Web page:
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Title: Stimulated dual-band infrared computed tomography: A tool to inspect the aging infrastructure

Abstract

The authors have developed stimulated dual-band infrared (IR) computed tomography as a tool to inspect the aging infrastructure. The system has the potential to locate and quantify structural damage within airframes and bridge decks. Typically, dual-band IR detection methods improve the signal-to-noise ratio by a factor of ten, compared to single-band IR detection methods. They conducted a demonstration at Boeing using a uniform pulsed-heat source to stimulate IR images of hidden defects in the 727 fuselage. The dual-band IR camera and image processing system produced temperature, thermal inertia, and cooling-rate maps. In combination, these maps characterized the defect site, size, depth, thickness and type. The authors quantified the percent metal loss from corrosion above a threshold of 5%, with overall uncertainties of 3%. Also, they conducted a feasibility study of dual-band IR thermal imaging for bridge deck inspections. They determined the sites and relative concrete displacement of 2-in. and 4-in. deep delaminations from thin styrofoam implants in asphalt-covered concrete slabs. They demonstrated the value of dual-band IR computed tomography to quantify structural damage within flash-heated airframes and naturally-heated bridge decks.

Authors:
;
Publication Date:
Research Org.:
Lawrence Livermore National Lab., CA (United States)
Sponsoring Org.:
USDOE, Washington, DC (United States); Federal Aviation Administration, Washington, DC (United States); Federal Highway Administration, Washington, DC (United States)
OSTI Identifier:
113968
Report Number(s):
UCRL-JC-120330; CONF-950793-46
ON: DE96000079; TRN: AHC29526%%112
DOE Contract Number:  
W-7405-ENG-48
Resource Type:
Technical Report
Resource Relation:
Conference: 40. annual meeting of the Society of Photo-Optical Instrumentation Engineers, San Diego, CA (United States), 9-14 Jul 1995; Other Information: PBD: 27 Jun 1995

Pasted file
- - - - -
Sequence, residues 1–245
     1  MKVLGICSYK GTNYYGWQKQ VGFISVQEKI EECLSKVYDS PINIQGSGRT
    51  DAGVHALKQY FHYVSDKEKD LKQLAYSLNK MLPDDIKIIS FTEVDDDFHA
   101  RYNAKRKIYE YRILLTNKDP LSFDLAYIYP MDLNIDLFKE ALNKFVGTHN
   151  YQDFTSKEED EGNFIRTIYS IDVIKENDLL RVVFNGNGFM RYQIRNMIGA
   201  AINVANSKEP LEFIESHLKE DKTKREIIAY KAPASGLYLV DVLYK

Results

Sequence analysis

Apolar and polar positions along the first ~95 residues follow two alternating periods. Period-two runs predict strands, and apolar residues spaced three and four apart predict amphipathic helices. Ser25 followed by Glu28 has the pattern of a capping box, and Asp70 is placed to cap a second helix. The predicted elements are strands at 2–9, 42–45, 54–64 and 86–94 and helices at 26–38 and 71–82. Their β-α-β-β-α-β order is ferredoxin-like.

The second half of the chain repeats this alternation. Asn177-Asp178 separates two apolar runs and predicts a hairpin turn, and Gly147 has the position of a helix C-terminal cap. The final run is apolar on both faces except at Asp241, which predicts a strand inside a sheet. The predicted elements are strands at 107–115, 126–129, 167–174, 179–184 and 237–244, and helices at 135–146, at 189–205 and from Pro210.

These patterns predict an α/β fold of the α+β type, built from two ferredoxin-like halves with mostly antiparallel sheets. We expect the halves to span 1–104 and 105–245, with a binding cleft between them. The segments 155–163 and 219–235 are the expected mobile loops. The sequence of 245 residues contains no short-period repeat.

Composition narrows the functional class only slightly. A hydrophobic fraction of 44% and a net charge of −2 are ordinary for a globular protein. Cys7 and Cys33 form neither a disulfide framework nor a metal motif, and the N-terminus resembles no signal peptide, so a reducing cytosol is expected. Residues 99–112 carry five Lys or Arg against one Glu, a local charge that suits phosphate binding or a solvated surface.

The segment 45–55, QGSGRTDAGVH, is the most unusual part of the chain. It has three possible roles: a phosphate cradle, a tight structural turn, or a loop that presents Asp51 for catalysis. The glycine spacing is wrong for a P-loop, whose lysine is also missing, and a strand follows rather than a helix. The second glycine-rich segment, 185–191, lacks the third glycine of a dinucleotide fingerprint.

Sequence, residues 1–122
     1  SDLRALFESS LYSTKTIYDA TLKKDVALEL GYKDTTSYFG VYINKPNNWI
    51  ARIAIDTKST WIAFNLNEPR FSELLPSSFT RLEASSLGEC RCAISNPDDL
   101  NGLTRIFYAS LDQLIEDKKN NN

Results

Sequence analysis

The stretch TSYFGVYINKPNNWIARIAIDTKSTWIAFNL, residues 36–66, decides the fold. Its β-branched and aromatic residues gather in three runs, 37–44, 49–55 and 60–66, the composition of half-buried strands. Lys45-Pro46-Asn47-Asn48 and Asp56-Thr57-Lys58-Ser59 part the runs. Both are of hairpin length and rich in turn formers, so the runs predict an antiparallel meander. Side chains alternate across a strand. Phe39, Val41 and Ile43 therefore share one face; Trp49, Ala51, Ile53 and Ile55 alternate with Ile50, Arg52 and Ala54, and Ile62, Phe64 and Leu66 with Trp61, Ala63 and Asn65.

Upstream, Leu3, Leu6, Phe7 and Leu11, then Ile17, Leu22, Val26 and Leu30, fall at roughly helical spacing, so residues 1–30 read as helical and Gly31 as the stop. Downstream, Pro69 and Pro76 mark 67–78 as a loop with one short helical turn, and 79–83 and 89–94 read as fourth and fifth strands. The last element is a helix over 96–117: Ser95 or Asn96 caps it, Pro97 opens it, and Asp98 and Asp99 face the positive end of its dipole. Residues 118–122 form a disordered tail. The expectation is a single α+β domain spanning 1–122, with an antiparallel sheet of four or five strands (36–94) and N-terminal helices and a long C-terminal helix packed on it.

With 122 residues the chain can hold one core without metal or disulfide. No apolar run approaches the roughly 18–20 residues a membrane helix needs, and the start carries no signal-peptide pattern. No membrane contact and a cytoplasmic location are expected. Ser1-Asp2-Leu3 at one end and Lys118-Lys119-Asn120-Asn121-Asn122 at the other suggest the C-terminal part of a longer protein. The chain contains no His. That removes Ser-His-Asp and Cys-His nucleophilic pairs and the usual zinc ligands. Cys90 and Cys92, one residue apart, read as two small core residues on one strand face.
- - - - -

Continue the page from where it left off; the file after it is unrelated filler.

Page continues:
Country of Publication:
United States
Language:
English
Subject:
42 ENGINEERING NOT INCLUDED IN OTHER CATEGORIES; AIRCRAFT COMPONENTS; INFRARED THERMOGRAPHY; COMPUTERIZED TOMOGRAPHY; BRIDGES; NONDESTRUCTIVE TESTING; INSPECTION; FEASIBILITY STUDIES; IMAGE PROCESSING; CORROSION; EXPERIMENTAL DATA

Citation Formats

Del Grande, N K, and Durbin, P F. Stimulated dual-band infrared computed tomography: A tool to inspect the aging infrastructure. United States: N. p., 1995. Web. doi:10.2172/113968.
Del Grande, N K, & Durbin, P F. Stimulated dual-band infrared computed tomography: A tool to inspect the aging infrastructure. United States. https://doi.org/10.2172/113968
Del Grande, N K, and Durbin, P F. Tue . "Stimulated dual-band infrared computed tomography: A tool to inspect the aging infrastructure". United States. https://doi.org/10.2172/113968. https://www.osti.gov/servlets/purl/113968.
@article{osti_113968,
title = {Stimulated dual-band infrared computed tomography: A tool to inspect the aging infrastructure},
author = {Del Grande, N K and Durbin, P F},
abstractNote = {The authors have developed stimulated dual-band infrared (IR) computed tomography as a tool to inspect the aging infrastructure. The system has the potential to locate and quantify structural damage within airframes and bridge decks. Typically, dual-band IR detection methods improve the signal-to-noise ratio by a factor of ten, compared to single-band IR detection methods. They conducted a demonstration at Boeing using a uniform pulsed-heat source to stimulate IR images of hidden defects in the 727 fuselage. The dual-band IR camera and image processing system produced temperature, thermal inertia, and cooling-rate maps. In combination, these maps characterized the defect site, size, depth, thickness and type. The authors quantified the percent metal loss from corrosion above a threshold of 5%, with overall uncertainties of 3%. Also, they conducted a feasibility study of dual-band IR thermal imaging for bridge deck inspections. They determined the sites and relative concrete displacement of 2-in. and 4-in. deep delaminations from thin styrofoam implants in asphalt-covered concrete slabs. They demonstrated the value of dual-band IR computed tomography to quantify structural damage within flash-heated airframes and naturally-heated bridge decks.},
doi = {10.2172/113968},
url = {https://www.osti.gov/biblio/113968}, journal = {},
number = ,
volume = ,
place = {United States},
year = {1995},
month = {6}
}